Young Man schools homophobes with… The Bible?

Matthew Vines describes himself as  ”an advocate for the acceptance of lesbian, gay, bisexual, and transgender (LGBT) people within Christian communities and in society at large.” And advocate he does! What’s so great about this speech that he delivered at the church in his hometown, is that he challenges the hijacking of Christianity by using… Christianity. After all, he did grow up in a conservative church in Kansas. Vines makes me want to give up my agnosticism and become religious… almost.  (transcript after the jump.)

Alright, I’d just like to start by saying thank you to everybody for coming tonight – I really appreciate it – and for being interested in learning more about this subject. I also want to thank College Hill United Methodist for graciously agreeing to host the event. My name is Matthew Vines, I’m 21 years old, and I’m currently a student in college, although I’ve been on leave for most of the last two years in order to study the material that I’ll be presenting tonight. I was born and raised here in Wichita, in a loving Christian home and in a church community that holds to the traditional interpretation of Scripture on this subject.

Read the rest of his talk here.

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One Comment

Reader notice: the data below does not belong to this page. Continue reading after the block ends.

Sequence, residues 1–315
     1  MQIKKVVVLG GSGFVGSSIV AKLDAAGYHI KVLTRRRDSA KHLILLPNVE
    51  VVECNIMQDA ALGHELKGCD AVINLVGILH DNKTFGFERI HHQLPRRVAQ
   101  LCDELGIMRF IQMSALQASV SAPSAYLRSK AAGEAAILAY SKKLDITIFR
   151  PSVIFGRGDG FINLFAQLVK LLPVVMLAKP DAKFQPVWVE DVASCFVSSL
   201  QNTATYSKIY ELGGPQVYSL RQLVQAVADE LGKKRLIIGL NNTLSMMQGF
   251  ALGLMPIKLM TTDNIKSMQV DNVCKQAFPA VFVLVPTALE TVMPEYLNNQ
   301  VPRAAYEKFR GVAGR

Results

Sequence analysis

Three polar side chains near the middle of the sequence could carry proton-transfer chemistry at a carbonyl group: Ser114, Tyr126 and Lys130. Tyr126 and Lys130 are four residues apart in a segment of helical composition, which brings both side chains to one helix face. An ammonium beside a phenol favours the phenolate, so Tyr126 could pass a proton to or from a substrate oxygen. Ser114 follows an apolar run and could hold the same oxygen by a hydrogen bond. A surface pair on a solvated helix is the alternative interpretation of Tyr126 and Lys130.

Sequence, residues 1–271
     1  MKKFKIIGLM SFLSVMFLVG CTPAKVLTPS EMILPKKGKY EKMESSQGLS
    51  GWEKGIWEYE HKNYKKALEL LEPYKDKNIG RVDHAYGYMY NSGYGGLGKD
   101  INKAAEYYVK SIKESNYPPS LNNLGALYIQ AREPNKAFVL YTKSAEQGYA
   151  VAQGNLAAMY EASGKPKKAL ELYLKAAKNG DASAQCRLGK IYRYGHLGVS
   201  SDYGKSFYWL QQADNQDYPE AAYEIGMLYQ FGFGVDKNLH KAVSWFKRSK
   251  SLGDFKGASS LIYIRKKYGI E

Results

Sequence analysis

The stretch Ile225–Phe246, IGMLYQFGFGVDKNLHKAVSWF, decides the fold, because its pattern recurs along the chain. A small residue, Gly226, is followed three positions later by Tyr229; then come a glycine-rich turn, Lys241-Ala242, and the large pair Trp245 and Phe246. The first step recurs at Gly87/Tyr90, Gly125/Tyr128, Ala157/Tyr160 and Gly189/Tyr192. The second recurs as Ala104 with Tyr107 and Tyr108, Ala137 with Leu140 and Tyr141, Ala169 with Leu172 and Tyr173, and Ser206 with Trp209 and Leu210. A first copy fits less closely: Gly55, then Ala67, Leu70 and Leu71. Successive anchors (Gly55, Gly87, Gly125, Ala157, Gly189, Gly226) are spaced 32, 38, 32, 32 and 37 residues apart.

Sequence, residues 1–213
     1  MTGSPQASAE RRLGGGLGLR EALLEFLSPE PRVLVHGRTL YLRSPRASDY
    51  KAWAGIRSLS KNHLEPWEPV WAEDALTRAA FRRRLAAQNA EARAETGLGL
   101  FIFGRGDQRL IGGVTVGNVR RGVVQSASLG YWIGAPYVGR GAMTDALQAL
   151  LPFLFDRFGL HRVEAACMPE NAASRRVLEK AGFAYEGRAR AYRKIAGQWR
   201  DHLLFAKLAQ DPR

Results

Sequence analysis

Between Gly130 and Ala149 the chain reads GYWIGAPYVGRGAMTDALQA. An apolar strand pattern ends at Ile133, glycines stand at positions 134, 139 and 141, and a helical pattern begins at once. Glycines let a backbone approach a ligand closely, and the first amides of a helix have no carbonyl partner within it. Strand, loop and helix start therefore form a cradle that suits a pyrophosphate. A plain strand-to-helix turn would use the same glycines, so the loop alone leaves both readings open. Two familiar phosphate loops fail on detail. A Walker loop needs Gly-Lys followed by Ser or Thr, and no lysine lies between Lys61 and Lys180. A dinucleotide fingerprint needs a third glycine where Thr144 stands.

1. Posted August 19, 2012 at 11:24 am | Permalink

    This article is also a great resource for the debate:
    http://religion.blogs.cnn.com/2012/05/15/my-take-what-the-bible-really-says-about-homosexuality/

    The author of this article somewhat summarizes the main points in his book “What the Bible Really Says About Homosexuality”, which is worth a read even if you check out the article and get the main points. In it, he challenges the traditional interpretations of scriptures used to back up anti-LGBTQ sentiments in Christianity and looks at the cultural context and lingual interpretations of them to show alternative (and more scholarly accepted) meanings. My mother who is a member of the Methodist Clergy passed it onto me when she was getting her masters in theology and saw how much trouble I was having with religion so often denying LGBTQ individuals equality. I still don’t identify as a Christian, but I believe this knowledge can help guide those who do in standing up for LGBTQ equality within the church (like my mother) and those who don’t in other efforts to support LGBTQ as advocates for religious inclusion.

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